Typically my Winters are kind of a dreary time for me. The weather puts a damper on business so I typically have an abundance of time off. As you know, "idle hands do the devil's work," so I often spend a good chunk of January and February doing things I probably shouldn't be doing, causing possibly irreparable damage to myself in the process. But every late January, a little culture invades our area of the country and shakes things up a bit, and I look forward to it every year. I'm talking about the Sundance Film Festival.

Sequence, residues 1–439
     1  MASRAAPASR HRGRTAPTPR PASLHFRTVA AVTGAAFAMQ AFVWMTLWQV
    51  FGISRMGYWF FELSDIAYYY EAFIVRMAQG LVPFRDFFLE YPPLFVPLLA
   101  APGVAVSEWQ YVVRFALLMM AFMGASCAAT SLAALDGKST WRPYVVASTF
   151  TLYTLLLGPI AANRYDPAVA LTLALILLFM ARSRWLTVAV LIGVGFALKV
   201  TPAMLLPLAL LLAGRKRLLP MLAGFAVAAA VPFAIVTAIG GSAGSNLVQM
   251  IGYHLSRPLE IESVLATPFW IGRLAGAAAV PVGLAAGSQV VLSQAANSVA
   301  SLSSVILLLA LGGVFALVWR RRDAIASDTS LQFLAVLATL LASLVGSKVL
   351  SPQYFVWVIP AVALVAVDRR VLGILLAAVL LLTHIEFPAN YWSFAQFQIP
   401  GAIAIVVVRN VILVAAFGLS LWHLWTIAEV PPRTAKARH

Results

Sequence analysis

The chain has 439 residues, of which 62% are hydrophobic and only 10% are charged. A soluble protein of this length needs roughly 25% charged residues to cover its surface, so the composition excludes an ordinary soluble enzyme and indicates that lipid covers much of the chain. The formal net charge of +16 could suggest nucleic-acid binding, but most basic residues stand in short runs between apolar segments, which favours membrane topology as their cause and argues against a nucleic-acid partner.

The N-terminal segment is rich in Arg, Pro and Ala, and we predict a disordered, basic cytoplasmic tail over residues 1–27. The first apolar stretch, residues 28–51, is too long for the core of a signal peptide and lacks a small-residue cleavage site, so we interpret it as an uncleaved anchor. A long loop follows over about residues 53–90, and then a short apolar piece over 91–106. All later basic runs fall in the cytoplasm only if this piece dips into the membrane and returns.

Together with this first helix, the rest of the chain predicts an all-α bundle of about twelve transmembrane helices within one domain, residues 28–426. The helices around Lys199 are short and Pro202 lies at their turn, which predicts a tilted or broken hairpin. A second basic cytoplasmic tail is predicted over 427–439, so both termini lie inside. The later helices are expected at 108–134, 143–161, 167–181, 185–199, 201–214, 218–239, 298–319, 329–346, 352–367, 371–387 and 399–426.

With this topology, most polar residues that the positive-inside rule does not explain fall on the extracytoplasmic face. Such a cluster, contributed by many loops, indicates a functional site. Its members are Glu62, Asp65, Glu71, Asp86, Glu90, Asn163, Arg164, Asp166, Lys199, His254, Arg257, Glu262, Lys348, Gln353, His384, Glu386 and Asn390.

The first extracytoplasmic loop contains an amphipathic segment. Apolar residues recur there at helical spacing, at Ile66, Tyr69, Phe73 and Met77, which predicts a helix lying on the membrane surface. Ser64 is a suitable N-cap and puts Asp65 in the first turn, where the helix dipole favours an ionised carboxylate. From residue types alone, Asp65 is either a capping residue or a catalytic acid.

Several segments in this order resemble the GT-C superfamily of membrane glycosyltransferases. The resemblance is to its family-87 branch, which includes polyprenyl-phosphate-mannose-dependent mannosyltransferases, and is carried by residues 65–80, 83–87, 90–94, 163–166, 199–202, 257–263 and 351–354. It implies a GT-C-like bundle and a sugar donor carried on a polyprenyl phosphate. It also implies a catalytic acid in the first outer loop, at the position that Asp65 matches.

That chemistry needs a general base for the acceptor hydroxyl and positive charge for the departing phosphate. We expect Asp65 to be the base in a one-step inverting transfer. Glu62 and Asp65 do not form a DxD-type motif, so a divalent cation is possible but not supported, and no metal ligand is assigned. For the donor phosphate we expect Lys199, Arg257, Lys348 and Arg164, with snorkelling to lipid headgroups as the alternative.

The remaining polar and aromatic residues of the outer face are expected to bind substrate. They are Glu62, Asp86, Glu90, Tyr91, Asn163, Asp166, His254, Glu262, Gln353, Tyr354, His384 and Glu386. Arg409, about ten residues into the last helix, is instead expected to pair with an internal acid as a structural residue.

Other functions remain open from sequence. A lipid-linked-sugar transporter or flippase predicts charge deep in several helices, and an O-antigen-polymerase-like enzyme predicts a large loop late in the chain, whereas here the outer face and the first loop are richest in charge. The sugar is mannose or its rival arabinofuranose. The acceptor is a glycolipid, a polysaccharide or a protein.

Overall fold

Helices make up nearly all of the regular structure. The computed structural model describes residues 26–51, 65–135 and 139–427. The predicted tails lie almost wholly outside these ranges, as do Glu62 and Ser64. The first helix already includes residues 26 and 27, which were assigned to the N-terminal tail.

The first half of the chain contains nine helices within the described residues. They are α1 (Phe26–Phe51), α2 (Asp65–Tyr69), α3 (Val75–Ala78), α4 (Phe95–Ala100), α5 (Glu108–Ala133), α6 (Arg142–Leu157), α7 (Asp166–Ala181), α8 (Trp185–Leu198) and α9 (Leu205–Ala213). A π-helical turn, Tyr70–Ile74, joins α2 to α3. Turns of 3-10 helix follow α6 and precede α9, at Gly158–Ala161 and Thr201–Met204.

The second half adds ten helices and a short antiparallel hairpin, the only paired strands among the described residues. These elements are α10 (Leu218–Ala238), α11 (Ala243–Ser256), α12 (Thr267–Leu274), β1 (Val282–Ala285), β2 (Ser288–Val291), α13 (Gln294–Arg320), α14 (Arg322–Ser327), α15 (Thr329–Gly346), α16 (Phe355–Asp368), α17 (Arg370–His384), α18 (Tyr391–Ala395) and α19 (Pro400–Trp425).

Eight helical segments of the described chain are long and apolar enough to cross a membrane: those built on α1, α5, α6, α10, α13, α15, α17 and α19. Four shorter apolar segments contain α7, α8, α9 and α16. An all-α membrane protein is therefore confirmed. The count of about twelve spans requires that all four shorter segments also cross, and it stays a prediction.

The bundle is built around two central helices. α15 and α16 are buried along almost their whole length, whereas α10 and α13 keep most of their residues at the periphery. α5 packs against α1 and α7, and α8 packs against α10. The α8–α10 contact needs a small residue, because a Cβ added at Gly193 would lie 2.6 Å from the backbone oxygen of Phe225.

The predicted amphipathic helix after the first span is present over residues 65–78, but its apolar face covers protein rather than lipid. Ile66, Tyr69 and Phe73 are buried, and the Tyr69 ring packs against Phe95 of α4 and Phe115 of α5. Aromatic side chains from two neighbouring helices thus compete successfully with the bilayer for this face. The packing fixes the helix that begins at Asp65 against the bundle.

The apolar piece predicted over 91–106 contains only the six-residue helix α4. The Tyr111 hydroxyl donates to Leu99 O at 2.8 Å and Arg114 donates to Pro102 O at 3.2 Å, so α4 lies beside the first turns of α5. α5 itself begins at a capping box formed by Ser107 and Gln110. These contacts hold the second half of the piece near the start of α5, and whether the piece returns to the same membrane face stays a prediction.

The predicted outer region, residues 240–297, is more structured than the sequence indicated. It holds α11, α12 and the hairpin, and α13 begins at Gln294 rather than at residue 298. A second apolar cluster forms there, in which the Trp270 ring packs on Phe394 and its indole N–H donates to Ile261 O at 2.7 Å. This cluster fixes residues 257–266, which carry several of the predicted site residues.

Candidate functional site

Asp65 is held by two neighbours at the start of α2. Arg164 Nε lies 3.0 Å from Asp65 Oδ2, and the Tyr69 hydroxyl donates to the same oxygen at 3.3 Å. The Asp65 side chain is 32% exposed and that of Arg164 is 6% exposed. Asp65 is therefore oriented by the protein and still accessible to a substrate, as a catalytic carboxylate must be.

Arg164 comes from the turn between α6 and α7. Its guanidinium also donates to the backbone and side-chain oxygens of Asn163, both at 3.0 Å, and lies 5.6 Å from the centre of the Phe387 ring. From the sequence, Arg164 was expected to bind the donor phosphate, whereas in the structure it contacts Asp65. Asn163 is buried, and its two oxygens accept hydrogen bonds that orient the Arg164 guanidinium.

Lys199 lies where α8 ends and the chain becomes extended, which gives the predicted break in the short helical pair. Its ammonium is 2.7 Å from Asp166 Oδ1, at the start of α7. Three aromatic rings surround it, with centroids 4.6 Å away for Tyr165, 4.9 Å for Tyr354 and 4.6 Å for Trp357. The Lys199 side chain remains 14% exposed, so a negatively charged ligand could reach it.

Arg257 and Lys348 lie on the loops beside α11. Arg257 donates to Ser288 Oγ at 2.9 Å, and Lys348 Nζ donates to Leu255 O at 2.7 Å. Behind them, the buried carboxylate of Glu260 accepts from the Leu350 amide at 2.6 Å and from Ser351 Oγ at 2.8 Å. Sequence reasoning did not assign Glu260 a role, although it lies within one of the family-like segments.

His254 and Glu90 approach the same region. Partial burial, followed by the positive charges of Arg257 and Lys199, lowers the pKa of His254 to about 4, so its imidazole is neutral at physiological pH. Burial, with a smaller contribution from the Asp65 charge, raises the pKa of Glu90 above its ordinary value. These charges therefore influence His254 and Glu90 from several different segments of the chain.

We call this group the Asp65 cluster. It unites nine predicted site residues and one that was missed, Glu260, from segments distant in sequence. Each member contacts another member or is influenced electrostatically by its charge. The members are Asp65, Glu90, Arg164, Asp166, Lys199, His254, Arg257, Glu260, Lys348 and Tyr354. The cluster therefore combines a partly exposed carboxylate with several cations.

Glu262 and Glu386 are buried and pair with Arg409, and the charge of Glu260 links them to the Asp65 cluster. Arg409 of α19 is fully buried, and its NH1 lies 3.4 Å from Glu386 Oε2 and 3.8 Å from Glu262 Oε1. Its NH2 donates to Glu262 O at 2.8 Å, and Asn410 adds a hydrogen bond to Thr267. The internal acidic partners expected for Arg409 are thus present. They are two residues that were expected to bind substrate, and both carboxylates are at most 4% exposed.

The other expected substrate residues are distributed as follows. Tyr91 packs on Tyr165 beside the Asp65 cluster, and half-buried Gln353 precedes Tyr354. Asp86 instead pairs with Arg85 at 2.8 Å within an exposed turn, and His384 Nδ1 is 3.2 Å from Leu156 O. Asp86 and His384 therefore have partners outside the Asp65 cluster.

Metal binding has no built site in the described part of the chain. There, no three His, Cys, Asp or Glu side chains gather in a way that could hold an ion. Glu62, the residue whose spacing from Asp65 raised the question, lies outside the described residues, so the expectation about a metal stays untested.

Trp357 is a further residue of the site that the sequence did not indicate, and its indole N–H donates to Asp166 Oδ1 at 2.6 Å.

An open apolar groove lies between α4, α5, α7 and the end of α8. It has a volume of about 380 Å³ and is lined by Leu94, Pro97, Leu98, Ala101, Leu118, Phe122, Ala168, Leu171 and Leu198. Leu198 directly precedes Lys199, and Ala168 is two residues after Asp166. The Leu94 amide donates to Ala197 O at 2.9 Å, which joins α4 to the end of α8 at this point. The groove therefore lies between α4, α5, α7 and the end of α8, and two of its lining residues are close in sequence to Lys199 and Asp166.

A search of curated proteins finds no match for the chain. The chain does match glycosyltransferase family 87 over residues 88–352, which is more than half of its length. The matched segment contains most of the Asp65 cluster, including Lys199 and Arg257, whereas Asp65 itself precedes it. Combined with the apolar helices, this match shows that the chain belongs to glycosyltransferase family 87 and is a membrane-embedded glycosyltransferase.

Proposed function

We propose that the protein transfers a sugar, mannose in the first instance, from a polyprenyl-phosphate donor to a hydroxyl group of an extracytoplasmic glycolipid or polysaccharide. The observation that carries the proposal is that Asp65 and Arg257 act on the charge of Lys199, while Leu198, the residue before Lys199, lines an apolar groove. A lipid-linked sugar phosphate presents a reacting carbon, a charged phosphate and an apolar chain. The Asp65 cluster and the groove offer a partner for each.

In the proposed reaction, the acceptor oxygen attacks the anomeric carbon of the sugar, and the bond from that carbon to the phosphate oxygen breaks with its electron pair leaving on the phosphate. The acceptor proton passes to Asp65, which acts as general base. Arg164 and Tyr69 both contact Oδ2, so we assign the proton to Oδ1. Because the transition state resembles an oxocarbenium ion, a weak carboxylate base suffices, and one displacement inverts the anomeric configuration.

The Festival kicked off this past weekend here in Salt Lick and up in Park City, bringing with it, it's share of celebrities, what passes for "musicians" these days, starstruck onlookers and grumbling locals that hate anything different coming their way. I first started going to the festival way back in 2004 when my buddy Nick and I attended the documentary premiere of Metallica: Some Kind of Monster. Say what you will about the film's content or subject matter, but this was a totally different kind of movie watching experience. There were no screaming kids, everyone was polite and the filmmakers, Joe Berlinger and Bruce Sinofsky (the cats that produced the Paradise Lost trilogy about the West Memphis 3) actually gave their own insight before the screening and had a Q&A session after it was over. The ability to interact with the people "making the sausage" if you will turned me from just a casual fan of movies into a guy that was very interested in the whole process of film making and the stories behind it.